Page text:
thumbnailFigure 2. Priming activity of supernatants from monosodium urate (MSU) crystal-stimulated monocytes (SMMs) on chemiluminescence (CL) production by neutrophils. Monocytes were incubated for 18 hours with MSU crystals (1 mg/mL) with or without alpha-melanocyte-stimulating hormone (α-MSH) (10-6 M) or (CKPV)2 (10-6 M). The cell-free supernatants were used to pretreat purified neutrophils (30 minutes at 37°C) before analysis of their CL production in response to MSU (3 mg/mL). Results are expressed as peak CL values in millivolts. Bars denote mean ± standard error of the mean. °P < 0.001 versus RPMI; *P < 0.05 and **P < 0.01 versus SMMs.

thumbnailFigure 3. Activity of supernatants from monosodium urate (MSU) crystal-stimulated monocytes (SMMs) on CD11b membrane expression on human neutrophils. Monocytes were incubated for 18 hours with MSU crystals (1 mg/mL) with or without alpha-melanocyte-stimulating hormone (α-MSH) (10-6 M) or (CKPV)2 (10-6 M). Purified neutrophils were pretreated with the different SMMs or N-formyl-methionyl-leucyl-phenylalanine (FMLP) (30 minutes at 37°C) before staining with the phycoerythrin-conjugated anti-CD11b monoclonal antibody. The results are expressed as mean fluorescence intensity (MFI) ± standard error of the mean, corrected for non-specific staining, from five separate experiments. °P < 0.001 versus RPMI; *P < 0.05 and **P < 0.01 versus SMMs.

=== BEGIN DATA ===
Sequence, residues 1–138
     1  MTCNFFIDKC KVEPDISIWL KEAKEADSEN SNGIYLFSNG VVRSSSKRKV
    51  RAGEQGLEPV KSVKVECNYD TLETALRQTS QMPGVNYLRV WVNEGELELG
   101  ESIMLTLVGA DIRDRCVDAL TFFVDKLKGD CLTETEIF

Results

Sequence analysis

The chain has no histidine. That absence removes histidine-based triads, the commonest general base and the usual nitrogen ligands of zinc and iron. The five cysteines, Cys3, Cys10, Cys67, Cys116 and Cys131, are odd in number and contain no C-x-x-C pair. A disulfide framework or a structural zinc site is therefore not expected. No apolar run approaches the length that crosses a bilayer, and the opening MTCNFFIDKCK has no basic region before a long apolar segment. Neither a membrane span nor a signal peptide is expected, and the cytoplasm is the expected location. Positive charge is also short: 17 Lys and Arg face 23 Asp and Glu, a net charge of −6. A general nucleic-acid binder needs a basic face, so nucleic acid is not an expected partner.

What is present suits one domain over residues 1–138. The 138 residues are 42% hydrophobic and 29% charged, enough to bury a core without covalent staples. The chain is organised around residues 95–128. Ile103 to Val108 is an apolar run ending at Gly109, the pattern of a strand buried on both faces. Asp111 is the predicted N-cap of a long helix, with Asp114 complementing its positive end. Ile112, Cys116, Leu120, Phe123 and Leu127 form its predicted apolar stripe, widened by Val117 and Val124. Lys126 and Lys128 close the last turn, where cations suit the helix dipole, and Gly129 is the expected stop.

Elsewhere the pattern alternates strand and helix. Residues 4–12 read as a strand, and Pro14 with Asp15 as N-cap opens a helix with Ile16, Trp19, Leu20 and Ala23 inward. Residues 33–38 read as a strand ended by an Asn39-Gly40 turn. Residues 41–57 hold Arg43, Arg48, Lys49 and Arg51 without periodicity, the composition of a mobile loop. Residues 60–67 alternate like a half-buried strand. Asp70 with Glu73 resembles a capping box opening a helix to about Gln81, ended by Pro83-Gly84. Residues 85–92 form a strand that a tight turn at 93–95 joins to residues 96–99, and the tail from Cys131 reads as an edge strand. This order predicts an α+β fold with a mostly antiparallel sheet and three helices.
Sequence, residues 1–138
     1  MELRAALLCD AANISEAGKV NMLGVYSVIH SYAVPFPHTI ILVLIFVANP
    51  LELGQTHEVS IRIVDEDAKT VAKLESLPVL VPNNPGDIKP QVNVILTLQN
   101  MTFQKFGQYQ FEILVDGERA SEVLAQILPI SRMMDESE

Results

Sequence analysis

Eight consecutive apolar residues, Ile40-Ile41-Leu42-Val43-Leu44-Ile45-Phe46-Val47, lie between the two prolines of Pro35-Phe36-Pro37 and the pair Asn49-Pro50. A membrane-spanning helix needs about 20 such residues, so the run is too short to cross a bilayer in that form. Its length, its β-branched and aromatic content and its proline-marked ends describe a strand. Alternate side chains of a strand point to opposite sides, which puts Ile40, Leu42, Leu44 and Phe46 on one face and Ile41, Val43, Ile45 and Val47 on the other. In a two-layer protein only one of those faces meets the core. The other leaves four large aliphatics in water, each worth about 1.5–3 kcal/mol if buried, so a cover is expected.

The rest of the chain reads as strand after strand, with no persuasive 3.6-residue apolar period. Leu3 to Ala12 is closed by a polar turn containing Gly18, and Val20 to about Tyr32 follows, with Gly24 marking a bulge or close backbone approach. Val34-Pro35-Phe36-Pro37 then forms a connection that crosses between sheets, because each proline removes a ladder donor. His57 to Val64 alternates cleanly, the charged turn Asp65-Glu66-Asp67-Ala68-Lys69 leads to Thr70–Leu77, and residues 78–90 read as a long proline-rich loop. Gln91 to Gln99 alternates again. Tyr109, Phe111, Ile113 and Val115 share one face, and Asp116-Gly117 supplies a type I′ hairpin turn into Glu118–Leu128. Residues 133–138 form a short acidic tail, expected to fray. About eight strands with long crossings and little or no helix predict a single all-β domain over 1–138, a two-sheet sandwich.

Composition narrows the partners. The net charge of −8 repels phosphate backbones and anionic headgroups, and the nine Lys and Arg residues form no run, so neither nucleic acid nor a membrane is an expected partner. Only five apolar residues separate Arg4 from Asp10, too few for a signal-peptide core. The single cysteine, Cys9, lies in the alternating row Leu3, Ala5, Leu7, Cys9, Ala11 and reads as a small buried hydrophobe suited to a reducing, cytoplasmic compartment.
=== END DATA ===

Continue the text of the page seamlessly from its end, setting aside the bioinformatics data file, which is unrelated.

Complete analysis of the molecules responsible for the chemotactic and priming effects in the SMMs was beyond the scope of this study. We focused on IL-1β, TNF-α, and IL-8, the most important cytokines in gouty inflammation. As shown in Figure 4, MSU crystals stimulated production of IL-1β, TNF-α, and IL-8 by Mos. Preincubating SMMs with anti-IL-8 plus anti-IL-1β mAbs significantly reduced, but did not abolish, their chemotactic properties (62% inhibition); as shown in Figure 1, this inhibition was induced mainly by anti-IL-8 mAbs (43% inhibition with anti-IL-8 and 18% inhibition with anti-IL-1β mAb).